Posted by : Amanda Stein Thursday, January 17, 2013

Maintaining team morale can present extra challenges for small business owners. Smaller companies often feel economic hardships more keenly than their larger competitors, leading to unease when a project comes to an end or a co-worker leaves for other opportunities. However, smaller businesses also have some advantages when it comes to morale. Use the strengths inherent in a close-knit company to boost morale and keep it high.

1. Talk openly with your employees. Creating a culture of truth, openness and honesty will stand you in good stead whether you're delivering good news about another big contract or expressing concerns about profits. By knowing the company's situation fully, employees feel more involved and motivated to make it work even when faced with a challenge. You have opportunities to talk to your staff that larger companies don't; one-on-one meetings and personal conversations aren't part of a big company's culture, but they can work for you.

2. Know your personnel. If you had to track 300 employees' birthdays, it would be a challenge, but in a smaller company, you can personalize the attention you give your staff. Mark birthdays, work anniversaries and other special occasions with some kind of celebration. It may seem like a small thing to acknowledge a special day, but to employees, it’s part of what makes working for a small business better than working for a larger firm. Employees who feel valued are happy employees and happy employees boost overall company morale.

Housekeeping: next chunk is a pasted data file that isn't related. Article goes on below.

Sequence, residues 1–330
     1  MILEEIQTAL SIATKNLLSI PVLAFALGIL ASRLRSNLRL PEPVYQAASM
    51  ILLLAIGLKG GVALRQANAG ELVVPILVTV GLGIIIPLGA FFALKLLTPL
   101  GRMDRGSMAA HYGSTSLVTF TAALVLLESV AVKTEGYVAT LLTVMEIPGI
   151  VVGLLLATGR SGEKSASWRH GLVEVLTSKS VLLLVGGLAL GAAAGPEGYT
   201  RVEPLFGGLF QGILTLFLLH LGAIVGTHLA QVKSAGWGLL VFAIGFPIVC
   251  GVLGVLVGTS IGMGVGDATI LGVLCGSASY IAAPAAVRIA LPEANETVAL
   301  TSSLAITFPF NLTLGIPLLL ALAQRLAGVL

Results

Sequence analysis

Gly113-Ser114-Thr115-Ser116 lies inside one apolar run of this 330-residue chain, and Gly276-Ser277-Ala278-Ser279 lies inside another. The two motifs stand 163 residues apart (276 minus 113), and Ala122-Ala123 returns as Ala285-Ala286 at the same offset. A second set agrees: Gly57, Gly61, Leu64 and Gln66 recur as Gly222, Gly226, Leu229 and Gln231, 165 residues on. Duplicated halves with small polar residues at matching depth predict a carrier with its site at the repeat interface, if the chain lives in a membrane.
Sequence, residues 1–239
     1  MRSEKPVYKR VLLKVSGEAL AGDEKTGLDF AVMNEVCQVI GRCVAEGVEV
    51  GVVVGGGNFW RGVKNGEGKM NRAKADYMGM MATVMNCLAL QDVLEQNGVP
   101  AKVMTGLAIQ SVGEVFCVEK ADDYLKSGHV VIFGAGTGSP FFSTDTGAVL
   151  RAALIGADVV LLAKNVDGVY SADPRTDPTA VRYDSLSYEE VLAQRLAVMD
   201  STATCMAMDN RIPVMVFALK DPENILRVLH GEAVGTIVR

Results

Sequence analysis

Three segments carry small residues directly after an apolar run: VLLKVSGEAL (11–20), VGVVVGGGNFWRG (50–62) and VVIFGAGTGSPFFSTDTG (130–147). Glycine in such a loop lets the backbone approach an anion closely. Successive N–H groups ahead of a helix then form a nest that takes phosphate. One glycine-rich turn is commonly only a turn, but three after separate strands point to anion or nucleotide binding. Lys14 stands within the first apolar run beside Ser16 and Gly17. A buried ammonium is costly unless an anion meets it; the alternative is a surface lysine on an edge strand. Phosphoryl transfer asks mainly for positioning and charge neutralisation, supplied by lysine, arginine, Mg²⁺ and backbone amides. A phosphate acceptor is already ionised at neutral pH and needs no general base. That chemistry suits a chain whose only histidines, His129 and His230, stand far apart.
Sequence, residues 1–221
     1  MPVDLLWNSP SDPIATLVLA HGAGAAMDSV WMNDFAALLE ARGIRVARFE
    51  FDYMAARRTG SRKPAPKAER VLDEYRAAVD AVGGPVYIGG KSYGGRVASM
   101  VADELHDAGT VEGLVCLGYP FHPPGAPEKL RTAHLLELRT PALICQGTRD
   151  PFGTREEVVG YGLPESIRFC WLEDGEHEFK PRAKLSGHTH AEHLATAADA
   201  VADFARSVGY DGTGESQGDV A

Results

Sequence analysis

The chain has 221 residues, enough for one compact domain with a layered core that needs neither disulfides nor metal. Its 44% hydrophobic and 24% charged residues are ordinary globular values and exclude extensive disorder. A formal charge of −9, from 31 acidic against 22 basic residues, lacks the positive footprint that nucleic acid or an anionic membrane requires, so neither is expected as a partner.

3. Offer great incentive programs. Incentives are always a good way of raising employee morale, and that goes double for smaller companies because you can personalize incentives in ways the big fish can't match. Tailor your incentives to your staff and business needs to find what will really motivate them. For some, that might be the opportunity to telecommute one day of the week for a month. Others might enjoy gift cards to local businesses. Treating your entire marketing team to lunch for completing a project under budget is a luxury small business owners can enjoy, and employees will love celebrating their win together.

4. Give your employees flexibility. Part of the joy of working for a smaller company is the flexibility it offers. Give your staff the chance to take a longer lunch or run an errand when needed, and they'll make it up to you in loyalty and hard work. Telecommuting is another option that feels like a reward to employees by sparing them their morning commute, yet it saves you money. Flexible hours doesn't mean letting employees choose their own hours all the time, nor does it mean always acquiescing to their requests, but an occasional willingness to work with employees' schedules can win you devoted personnel.

5. Have fun together. Whether it's an annual company picnic or a monthly lunch, make time for group events that let your employees enjoy spending time with each other. Ask them what they'd enjoy most or present them with a couple of options for group activities. Come up with a few uncommon options such as a day at a paintball range or a trip to a local water park. Employees who see one another as friends report higher morale, so foster those friendships through fun activities.

Lauren Leighton writes on behalf of DexOne who provides local marketing solutions for your business.

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